Just my two cents worth - Jonathan

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Jonathan wrote:

It would make _more_ economic sense, but it still wouldn't make economic sense, not at US fuel prices. A few people would pay a lot of money for the novelty of a turbine car, diesels are not novel. Straight diesel cars, which do make economic sense, are unobtanium in the US, because of consumer apathy and emissions laws combined with a refusal to require Euro-spec fuel for the current generatioon of CRD engines.
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Al Bundy wrote:

Well Mr. Bundy, I am afraid that Nomen is correct, at least for permanent magnet electric motors. Have a look at:
http://claymore.engineer.gvsu.edu/~jackh/books/model/html/model-71.html#54931
John
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John Horner wrote:

Well John, you are wrong because you took a blanket statement and qualified it to suit your answer. Again, nice pasting job though.
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Al Bundy wrote:

There are a LOT of varibles in electric motor design that can effect at what RPM peak effort is achieved. Generally though with traction type motors used to power electric cars and such, they achive maximum torque at zero or very low RPMs to get the load moving.
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I think I may see where Mr. Bundy is saying. Without having read any of the links provided, it makes sense to me that at zero RPM the motor is putting out zero torque. Once any torque great enough to make the motor turn is applied, then the RPM is no longer zero.
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Olaf wrote:

What batshit!
If electric motors put out *zero* torque at zero RPM, they'd never begin to rotate at all. Internal combustion engines DO have zero torque at zero RPM, which is exactly why you need an electric motor to start them!
How much torque an electric motor does put out vs. RPM depends a lot on the design of the motor.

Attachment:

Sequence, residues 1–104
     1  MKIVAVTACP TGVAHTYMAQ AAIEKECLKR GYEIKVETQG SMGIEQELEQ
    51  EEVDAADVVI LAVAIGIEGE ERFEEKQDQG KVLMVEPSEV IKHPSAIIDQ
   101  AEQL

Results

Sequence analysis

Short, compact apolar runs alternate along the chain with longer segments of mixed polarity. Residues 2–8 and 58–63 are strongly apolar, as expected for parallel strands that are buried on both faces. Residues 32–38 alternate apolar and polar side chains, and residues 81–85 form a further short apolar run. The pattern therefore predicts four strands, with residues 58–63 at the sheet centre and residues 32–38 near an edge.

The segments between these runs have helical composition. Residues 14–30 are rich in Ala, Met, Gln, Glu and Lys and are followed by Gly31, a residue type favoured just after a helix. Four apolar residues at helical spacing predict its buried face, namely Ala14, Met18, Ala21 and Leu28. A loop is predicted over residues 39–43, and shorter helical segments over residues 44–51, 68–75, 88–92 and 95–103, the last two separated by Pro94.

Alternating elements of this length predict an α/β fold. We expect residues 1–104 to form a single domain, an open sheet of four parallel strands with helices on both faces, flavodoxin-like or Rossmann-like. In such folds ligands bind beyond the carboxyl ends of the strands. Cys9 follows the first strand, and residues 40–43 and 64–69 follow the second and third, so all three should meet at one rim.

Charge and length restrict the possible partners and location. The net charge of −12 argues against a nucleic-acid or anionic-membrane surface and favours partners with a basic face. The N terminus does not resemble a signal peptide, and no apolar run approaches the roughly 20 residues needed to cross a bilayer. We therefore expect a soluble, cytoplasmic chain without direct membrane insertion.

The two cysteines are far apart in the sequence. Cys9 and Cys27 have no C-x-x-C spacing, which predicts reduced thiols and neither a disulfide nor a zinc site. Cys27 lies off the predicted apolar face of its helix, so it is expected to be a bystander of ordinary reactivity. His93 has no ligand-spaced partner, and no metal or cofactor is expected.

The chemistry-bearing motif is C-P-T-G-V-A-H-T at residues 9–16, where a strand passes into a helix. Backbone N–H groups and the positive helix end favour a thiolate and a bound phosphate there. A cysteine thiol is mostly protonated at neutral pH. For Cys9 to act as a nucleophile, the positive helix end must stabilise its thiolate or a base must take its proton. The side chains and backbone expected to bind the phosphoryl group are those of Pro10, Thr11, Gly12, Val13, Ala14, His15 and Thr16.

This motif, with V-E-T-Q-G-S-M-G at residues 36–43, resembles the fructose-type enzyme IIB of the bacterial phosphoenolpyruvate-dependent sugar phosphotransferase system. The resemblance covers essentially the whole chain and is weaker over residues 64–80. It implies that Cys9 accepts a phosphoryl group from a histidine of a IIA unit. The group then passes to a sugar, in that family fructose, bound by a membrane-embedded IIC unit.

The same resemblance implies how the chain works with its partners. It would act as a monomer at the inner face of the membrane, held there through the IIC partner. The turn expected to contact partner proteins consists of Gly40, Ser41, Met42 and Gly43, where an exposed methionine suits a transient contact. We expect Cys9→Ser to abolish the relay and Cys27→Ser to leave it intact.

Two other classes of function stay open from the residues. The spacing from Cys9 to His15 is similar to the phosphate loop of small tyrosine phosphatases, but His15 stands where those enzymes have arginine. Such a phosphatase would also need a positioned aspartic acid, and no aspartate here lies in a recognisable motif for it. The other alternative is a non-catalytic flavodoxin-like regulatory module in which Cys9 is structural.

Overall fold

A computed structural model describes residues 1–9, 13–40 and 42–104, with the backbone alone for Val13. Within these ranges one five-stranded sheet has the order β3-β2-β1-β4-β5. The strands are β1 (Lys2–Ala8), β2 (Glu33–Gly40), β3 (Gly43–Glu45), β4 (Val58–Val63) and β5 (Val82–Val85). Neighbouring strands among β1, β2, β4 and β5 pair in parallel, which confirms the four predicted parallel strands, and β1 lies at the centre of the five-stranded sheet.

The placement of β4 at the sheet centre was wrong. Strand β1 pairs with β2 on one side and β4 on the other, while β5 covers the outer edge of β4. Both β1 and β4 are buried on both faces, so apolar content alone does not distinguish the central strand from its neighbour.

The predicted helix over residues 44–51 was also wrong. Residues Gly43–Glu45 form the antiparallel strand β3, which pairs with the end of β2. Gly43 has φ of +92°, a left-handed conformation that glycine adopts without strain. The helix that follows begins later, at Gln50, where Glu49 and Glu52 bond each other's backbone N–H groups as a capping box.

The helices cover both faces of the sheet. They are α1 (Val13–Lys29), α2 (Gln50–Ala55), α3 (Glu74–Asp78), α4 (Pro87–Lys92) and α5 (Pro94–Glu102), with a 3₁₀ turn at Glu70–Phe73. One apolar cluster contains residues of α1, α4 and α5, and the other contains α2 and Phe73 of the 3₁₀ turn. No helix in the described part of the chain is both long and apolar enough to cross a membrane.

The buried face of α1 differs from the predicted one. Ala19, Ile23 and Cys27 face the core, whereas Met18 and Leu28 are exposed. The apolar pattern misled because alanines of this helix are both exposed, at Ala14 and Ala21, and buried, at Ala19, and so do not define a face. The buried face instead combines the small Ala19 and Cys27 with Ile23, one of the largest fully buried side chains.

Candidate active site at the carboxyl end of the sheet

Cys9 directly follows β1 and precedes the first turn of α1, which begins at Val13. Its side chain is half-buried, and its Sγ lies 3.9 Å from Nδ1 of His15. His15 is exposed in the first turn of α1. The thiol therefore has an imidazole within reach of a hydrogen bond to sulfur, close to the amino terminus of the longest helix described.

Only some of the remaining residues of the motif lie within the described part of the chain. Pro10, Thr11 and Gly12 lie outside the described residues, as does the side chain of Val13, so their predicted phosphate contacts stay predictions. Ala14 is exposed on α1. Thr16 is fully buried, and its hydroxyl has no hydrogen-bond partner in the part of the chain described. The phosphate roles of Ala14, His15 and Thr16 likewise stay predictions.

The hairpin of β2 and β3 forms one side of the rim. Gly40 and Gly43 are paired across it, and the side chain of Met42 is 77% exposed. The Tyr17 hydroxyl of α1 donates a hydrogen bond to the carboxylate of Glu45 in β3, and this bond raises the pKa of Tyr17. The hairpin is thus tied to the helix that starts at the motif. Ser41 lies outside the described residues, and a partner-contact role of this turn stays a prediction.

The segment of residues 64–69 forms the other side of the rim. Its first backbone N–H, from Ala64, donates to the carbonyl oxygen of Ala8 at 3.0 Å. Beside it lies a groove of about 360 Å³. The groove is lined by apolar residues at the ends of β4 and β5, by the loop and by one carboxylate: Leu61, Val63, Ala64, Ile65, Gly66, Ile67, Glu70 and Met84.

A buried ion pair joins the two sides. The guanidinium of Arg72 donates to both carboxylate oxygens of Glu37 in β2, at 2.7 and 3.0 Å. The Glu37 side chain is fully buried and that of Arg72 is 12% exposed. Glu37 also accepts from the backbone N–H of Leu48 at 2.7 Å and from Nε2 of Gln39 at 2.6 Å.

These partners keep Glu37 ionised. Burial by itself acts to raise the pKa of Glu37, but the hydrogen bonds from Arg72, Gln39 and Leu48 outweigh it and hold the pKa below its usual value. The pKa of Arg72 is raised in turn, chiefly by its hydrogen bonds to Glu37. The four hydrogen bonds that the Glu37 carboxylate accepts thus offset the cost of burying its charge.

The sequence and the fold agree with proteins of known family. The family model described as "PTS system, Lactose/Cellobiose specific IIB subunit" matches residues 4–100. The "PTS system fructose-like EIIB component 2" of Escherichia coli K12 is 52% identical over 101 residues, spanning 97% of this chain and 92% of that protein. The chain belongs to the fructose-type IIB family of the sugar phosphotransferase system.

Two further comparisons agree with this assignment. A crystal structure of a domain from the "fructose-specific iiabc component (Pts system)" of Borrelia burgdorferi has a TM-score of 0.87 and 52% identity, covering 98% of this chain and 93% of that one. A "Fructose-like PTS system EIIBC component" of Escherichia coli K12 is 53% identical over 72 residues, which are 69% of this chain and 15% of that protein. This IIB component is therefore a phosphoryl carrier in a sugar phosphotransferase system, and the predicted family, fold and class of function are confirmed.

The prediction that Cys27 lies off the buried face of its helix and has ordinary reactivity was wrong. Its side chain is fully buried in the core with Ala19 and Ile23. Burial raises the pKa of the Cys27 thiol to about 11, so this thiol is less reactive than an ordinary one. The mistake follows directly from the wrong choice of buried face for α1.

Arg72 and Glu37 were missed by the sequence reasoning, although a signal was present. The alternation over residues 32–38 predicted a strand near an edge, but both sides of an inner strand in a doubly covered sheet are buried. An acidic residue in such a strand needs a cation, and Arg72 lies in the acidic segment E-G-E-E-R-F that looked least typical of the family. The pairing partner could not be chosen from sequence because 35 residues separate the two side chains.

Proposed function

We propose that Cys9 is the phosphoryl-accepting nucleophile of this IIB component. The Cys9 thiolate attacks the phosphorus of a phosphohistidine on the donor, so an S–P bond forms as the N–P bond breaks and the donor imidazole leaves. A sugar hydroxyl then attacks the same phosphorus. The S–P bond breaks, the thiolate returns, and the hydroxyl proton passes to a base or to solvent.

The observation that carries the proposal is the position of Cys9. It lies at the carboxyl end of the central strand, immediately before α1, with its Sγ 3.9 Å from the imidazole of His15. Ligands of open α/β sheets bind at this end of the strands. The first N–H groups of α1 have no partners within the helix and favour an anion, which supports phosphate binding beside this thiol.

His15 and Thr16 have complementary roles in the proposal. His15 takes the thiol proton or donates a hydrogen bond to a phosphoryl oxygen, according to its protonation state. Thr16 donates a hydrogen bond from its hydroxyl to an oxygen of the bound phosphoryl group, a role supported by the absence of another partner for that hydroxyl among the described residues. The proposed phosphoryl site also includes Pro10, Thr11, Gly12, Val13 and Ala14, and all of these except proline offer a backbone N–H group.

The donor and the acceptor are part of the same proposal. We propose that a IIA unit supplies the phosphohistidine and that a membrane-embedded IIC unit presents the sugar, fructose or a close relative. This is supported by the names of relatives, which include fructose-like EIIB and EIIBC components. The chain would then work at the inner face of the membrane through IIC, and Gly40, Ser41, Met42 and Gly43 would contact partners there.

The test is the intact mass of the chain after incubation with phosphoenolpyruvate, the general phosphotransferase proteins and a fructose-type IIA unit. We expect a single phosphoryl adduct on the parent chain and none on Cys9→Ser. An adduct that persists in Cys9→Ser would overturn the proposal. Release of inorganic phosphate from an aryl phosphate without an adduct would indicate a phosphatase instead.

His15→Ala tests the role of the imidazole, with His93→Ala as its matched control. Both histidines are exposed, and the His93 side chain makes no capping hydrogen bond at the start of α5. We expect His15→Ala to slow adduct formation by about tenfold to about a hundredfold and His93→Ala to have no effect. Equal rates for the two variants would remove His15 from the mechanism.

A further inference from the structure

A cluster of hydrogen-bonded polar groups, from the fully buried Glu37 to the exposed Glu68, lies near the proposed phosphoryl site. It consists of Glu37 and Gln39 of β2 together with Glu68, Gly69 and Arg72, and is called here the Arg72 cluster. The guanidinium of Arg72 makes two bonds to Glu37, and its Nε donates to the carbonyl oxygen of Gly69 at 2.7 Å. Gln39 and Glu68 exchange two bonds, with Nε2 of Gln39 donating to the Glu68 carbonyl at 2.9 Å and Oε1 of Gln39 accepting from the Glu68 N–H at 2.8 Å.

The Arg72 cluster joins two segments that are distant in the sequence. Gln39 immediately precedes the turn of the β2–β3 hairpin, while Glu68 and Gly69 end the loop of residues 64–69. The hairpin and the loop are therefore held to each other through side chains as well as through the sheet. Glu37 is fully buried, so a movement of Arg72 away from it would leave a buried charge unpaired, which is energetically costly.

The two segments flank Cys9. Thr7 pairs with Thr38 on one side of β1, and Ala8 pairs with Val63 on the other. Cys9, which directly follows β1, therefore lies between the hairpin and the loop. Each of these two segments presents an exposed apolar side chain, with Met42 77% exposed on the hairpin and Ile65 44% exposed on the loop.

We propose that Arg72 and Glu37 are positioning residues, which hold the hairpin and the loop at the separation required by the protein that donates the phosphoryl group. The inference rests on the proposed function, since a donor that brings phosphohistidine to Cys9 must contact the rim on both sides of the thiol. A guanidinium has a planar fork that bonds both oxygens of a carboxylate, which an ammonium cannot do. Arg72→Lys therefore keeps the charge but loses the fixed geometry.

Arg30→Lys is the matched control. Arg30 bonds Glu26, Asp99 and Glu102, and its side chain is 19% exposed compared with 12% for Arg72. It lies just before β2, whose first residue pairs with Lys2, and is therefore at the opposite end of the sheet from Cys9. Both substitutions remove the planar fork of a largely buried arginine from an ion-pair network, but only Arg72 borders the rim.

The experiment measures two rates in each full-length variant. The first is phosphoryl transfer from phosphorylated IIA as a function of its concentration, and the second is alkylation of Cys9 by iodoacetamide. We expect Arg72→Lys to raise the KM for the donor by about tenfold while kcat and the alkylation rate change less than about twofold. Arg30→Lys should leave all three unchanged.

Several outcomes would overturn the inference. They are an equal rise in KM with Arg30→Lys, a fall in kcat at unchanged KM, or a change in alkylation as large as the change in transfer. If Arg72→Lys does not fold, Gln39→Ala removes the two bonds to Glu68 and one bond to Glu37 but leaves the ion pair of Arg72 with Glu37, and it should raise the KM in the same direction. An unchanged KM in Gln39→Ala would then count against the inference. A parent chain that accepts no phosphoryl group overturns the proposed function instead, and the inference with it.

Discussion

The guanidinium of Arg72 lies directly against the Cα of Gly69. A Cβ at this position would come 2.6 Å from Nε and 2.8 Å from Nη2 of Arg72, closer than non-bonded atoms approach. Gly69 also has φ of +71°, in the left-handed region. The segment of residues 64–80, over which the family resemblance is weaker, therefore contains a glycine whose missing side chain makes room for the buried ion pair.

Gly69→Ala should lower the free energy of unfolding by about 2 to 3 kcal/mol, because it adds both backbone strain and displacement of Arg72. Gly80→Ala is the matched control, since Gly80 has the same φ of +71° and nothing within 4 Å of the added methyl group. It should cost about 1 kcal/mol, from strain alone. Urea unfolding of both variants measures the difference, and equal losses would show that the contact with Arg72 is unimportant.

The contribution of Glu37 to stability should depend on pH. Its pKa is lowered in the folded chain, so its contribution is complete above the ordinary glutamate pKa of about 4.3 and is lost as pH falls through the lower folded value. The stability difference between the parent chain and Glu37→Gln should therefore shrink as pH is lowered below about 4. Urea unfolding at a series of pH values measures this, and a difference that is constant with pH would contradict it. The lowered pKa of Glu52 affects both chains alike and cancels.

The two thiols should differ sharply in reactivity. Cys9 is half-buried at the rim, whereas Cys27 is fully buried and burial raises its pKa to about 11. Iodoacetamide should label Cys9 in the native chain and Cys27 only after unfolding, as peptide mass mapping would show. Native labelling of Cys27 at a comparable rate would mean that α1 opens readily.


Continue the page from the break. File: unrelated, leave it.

DC and AC/DC commutator motors put out their maximum torque at 0 RPM (but will burn out if held at 0 RPM because only one winding on the armature is carrying the full load). An example of a DC commutator motor is the starter motor in a car, or the traction motors in older locomotives. An AC/DC commutator motor is the type used in vacuum cleaners, hand power tools, and blenders.
AC induction motors put out their peak torque at a few percent less than their free running maximum RPM. As you lug them down, torque goes up at first, but lug them too far and torque begins to decline again, but it never drops to zero even at zero RPM. An example of an AC induction motor is a fan motor, AC blower motor, AC compressor motor, or shop air compressor motor. The most commonly used AC motors in the world.
AC Synchronous motors put out their maximum torque at the synchronous RPM. They're used in heavy industry because they can be set to run at leading power factor to compensate for induction motors that run at a lagging power factor- save's the industry money overall.
Variable-frequency drive motors are induction or synchronous motors driven by a variable frequency AC source, so that you can make them put out peak torque at any RPM you want. Modern AC locomotive traction motors are variable-frequency drive motors.
But regardless of the type, ANY self-starting electric motor puts out SOME torque at 0 RPM. An example of a non-self-starting type would be a synchrounous motor without any start/damper windings... but that's a laboratory curiousity as all real-world electric motors have a provision to give them self-starting torque.
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I agree. (Good thing you didn't refer to bull shit, then I'd have been offended.) After having thought about it after posting I realized a motor can put out torque without turning. I thought of a drill with keyless chuck. When the chuck tightens on the bit the motor is still putting out torque

Makes sense to me. :)
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Gas turbine engines are very expensive to build. I doubt that we will ever see significant application to automobiles. It has been tried, many times, and came up short.
John
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John Horner wrote:

And the V12 in the Lambo is a low build cost powerplant?? No, gas turbines are not necessarily incredibly expensive to build. My guess is the Allison 250 costs less to build than a Lyc or Continental recip of half the power: the P&W PT-6 is probably twenty or thirty thousand dollars of actual labor, materials, and other hard build cost.
There are probably five hundred people who would buy a turbine exotic car in the $200-300K price class in the US any given year, enough to make it doable. The "Bugatti" Veyron is well into seven figures, at which point buying a off the shelf ST6 at market price from P&WC becomes a legit option economically speaking. However, it would make for a miserable road car, but the Veyron probably is that to begin with, to say nothing of the modified Stingray the Granatellis foisted off on some dumb yuppie idiot for a six-figure price with a junk runout training PT6 they mooched off P&W a decade earlier many years ago.